No one, not even Audi, expects the A4 1.8T Avant to sell because it excels as a delivery wagon. It will sell--surprisingly well, one suspects--because it is a cleverly unusual, honestly sporty, surprisingly practical vehicle for a competitive price. Adding a $750 Sport Package and $190 key-less remote to the $26,440 base price yields a price tag approaching $27,500, as tested. At this level of cost and content, even the most jaded aficionado is bound, finally, to grasp just what a change in fortunes the lowly wagon has undergone in Audi's hands.



A6 Avant

And then there were six, as Avant scales the pecking order into midsize territory aboard Audi's A6 platform. Despite this model's 2.8-liter, 200-horsepower V6, the A6 Avant quattro is not strictly 33 percent more car than its 150-horsepower A4 sibling. Rather, Audi's achievement with the A6 Avant is to carve out an entirely different niche for a wagon that is arguably more functional, if a tad less fashionable--and significantly more expensive.

The A6 Avant is, to coin a term, the Ultimate Supermommy Car. With its "Onyx Ambition" interior, replete with "genuine" leatherette upholstery and real wood accents, this wagon feels like a country club drawing room on wheels. True, the fascinating lines of the A6 sedan devolve, with the Avant, into something of a pregnant guppy; but the stylistic trick of merging function into style is still an Audi exclusive.

Best of all, the A6 Avant is a genuine five-seater for real Moms, with leggy room for three on the back bench. Better yet, an optional, rear-facing "tyke" bench for two is available for the cargo hold. It's guaranteed to become this car's most contested perch for kids up to 4 feet, 2 inches and 80 lbs. When it's not in use, the seat will tilt and rotate out of the way, or you can remove it altogether.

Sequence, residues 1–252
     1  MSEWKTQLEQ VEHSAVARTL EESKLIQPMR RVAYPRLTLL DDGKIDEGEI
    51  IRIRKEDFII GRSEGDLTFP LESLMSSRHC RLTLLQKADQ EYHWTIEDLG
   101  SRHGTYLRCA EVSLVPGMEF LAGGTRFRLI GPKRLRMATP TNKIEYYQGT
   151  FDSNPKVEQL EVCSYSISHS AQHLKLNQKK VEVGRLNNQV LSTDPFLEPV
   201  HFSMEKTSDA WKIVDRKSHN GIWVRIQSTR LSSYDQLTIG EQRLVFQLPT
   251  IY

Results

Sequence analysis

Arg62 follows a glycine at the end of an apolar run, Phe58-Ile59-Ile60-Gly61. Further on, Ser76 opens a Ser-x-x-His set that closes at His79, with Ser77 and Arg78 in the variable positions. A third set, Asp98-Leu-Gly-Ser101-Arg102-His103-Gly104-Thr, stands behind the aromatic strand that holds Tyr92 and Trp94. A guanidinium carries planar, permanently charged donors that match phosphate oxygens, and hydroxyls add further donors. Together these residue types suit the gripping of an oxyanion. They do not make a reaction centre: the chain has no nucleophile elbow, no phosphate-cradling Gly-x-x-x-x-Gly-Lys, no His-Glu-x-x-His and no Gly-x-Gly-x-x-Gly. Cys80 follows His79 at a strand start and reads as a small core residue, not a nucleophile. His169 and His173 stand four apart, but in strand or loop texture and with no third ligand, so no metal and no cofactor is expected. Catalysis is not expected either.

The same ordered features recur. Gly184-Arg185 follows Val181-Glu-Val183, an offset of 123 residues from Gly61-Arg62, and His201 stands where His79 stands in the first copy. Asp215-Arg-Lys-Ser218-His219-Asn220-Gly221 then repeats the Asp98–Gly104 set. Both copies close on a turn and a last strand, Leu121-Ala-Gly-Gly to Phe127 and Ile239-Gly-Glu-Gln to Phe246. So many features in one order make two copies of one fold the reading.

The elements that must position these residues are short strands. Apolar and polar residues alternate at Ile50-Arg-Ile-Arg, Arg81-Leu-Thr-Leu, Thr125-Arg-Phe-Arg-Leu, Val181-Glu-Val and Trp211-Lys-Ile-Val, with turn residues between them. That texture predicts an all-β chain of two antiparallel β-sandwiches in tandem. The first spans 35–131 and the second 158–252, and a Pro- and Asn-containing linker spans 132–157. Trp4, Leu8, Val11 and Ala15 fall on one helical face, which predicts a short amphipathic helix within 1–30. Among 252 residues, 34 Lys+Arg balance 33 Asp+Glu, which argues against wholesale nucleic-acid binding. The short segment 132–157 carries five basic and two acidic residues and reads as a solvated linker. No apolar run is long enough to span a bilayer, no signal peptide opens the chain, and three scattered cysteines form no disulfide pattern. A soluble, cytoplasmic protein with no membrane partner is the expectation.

This larger Avant foregoes any pretense of serious sportiness, opting instead for a sporting flair and a signature of style. The quattro IV all-wheel-drive system, accordingly, assumes the much more practical role of defeating the elements so that carpools and grocery runs can avoid interruption. Ride quality, too, trends toward comfy and away from "hard-edged." The V6 motor is a champ, but not a sprinter; and mated to Audi's marvelously sophisticated five-speed automatic transmission (the only one available), it does its driving chores without complaint--and also without much flair. A Tiptronic "semi-auto" clutchless shift system is included, I suppose, just to break the monotony from time to time.

Clearly, the A6 Avant is Audi's concession to unadulterated practicality. As a potential seven-passenger people mover, it clearly resurrects the station wagon ethos of yore, albeit in a stylish silhouette unimaginable in the woody-wagon heyday of the '60s. The $36,600 base price would no doubt have been unimaginable then as well--not to mention the $39,475 bottom line, after options including heated seats and steering wheel, sunroof, and memory seating. But in a thickening forest of towering SUVs, Audi is no doubt determined to set its sights high. To consider an A6 Avant as your next family wagon is unquestionably to grasp for the brass ring.